EAT JURISDICTIONAL POINTS – Worker, employee or neither
DISABILITY DISCRIMINATION – Disability
An Employment Tribunal dismissed claims for holiday pay and unfair dismissal apparently on the basis that the Claimant was not a worker within the Working Time Regulations nor an employee within s.230 Employment Rights Act 1996. The principal reason for doing so was a lack of proof of mutuality of obligation; though the Employment Judge also considered whether there was a right to substitution he did not clearly resolve the point, and observed (inconsistently, if he had found an unfettered right of substitution) that the Claimant ‘might well’ have been a worker, without resolving that either. He was also unclear whether he considered the Claimant was actually integrated into his putative employer’s business.
He was held to have taken the wrong approach to mutuality by looking for evidence of precision in the hours and days to be worked rather than asking whether the history of the relationship showed it had been agreed there was an obligation to do at least some work and a correlative obligation on the Respondent to pay for it; to have illogically appeared to consider that the rate of pay (andpound;15 ph) assisted in deciding whether the Claimant was an employee or was rather a worker (or neither); and had failed to make necessary findings such as whether the Claimant was a worker, or was entitled (as a matter of inferred agreements) to substitute another’s labour for his in performing the work.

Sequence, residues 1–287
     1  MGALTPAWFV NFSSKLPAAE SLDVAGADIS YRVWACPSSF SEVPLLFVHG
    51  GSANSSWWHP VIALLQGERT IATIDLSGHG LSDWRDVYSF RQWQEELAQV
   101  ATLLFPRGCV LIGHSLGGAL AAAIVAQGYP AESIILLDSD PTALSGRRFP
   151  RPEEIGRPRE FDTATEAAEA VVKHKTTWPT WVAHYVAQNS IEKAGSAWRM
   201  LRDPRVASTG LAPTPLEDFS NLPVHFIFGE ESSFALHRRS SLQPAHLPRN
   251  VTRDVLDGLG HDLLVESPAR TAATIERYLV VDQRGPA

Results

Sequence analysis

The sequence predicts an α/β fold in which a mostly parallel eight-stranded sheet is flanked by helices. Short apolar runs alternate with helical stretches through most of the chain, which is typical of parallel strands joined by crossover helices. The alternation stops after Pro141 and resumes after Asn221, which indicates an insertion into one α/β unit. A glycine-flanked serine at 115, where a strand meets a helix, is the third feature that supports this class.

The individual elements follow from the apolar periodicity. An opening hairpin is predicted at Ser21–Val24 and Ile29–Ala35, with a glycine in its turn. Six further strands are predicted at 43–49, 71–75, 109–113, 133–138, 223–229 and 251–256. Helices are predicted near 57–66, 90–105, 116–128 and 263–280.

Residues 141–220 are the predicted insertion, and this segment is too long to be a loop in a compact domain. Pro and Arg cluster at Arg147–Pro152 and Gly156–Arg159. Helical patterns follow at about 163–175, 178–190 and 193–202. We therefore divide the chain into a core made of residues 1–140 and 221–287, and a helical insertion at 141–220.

The question of status (employee, worker or neither) was remitted for fresh determination by a different Judge.
Langstaff P J
 UKEAT 0380 – 12 – 2604
England and Wales
Updated: 18 November 2021; Ref: scu.514153